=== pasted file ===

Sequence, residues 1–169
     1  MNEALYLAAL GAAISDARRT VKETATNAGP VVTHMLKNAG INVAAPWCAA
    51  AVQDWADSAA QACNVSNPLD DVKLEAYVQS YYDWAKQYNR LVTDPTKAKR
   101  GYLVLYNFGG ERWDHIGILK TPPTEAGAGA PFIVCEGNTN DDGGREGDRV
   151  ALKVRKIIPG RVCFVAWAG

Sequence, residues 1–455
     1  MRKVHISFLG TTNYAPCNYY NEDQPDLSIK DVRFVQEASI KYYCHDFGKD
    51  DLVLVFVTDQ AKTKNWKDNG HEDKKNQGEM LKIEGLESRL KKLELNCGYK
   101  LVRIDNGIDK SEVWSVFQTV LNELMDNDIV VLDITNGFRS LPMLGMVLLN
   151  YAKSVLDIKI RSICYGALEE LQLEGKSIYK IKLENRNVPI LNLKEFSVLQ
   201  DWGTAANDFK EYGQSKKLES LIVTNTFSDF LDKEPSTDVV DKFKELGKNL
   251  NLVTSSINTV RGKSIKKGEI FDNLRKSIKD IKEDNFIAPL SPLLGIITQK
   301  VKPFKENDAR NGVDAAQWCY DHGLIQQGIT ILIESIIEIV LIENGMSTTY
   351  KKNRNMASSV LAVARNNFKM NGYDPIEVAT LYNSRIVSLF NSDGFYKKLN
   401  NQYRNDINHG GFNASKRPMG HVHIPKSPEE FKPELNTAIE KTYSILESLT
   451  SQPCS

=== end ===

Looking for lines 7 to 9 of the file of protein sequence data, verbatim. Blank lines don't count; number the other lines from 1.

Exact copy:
     1  MRKVHISFLG TTNYAPCNYY NEDQPDLSIK DVRFVQEASI KYYCHDFGKD
    51  DLVLVFVTDQ AKTKNWKDNG HEDKKNQGEM LKIEGLESRL KKLELNCGYK
   101  LVRIDNGIDK SEVWSVFQTV LNELMDNDIV VLDITNGFRS LPMLGMVLLN